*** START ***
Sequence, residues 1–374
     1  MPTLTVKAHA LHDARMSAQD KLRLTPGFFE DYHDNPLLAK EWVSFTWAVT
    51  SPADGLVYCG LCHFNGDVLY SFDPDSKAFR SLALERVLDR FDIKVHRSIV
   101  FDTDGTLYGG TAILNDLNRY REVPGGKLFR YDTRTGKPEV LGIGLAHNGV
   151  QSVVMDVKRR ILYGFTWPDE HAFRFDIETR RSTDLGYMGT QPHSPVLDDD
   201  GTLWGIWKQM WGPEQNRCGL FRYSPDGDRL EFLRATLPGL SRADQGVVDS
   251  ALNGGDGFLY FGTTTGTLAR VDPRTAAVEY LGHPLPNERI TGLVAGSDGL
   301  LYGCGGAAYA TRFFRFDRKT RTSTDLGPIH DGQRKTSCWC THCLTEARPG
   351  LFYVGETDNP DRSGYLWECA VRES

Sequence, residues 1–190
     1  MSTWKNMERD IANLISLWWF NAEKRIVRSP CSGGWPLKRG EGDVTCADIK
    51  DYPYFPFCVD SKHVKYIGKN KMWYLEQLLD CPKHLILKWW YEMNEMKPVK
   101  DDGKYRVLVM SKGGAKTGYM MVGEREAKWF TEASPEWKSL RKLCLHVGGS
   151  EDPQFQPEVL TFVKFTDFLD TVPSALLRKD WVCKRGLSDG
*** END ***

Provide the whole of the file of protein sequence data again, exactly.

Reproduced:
Sequence, residues 1–374
     1  MPTLTVKAHA LHDARMSAQD KLRLTPGFFE DYHDNPLLAK EWVSFTWAVT
    51  SPADGLVYCG LCHFNGDVLY SFDPDSKAFR SLALERVLDR FDIKVHRSIV
   101  FDTDGTLYGG TAILNDLNRY REVPGGKLFR YDTRTGKPEV LGIGLAHNGV
   151  QSVVMDVKRR ILYGFTWPDE HAFRFDIETR RSTDLGYMGT QPHSPVLDDD
   201  GTLWGIWKQM WGPEQNRCGL FRYSPDGDRL EFLRATLPGL SRADQGVVDS
   251  ALNGGDGFLY FGTTTGTLAR VDPRTAAVEY LGHPLPNERI TGLVAGSDGL
   301  LYGCGGAAYA TRFFRFDRKT RTSTDLGPIH DGQRKTSCWC THCLTEARPG
   351  LFYVGETDNP DRSGYLWECA VRES

Sequence, residues 1–190
     1  MSTWKNMERD IANLISLWWF NAEKRIVRSP CSGGWPLKRG EGDVTCADIK
    51  DYPYFPFCVD SKHVKYIGKN KMWYLEQLLD CPKHLILKWW YEMNEMKPVK
   101  DDGKYRVLVM SKGGAKTGYM MVGEREAKWF TEASPEWKSL RKLCLHVGGS
   151  EDPQFQPEVL TFVKFTDFLD TVPSALLRKD WVCKRGLSDG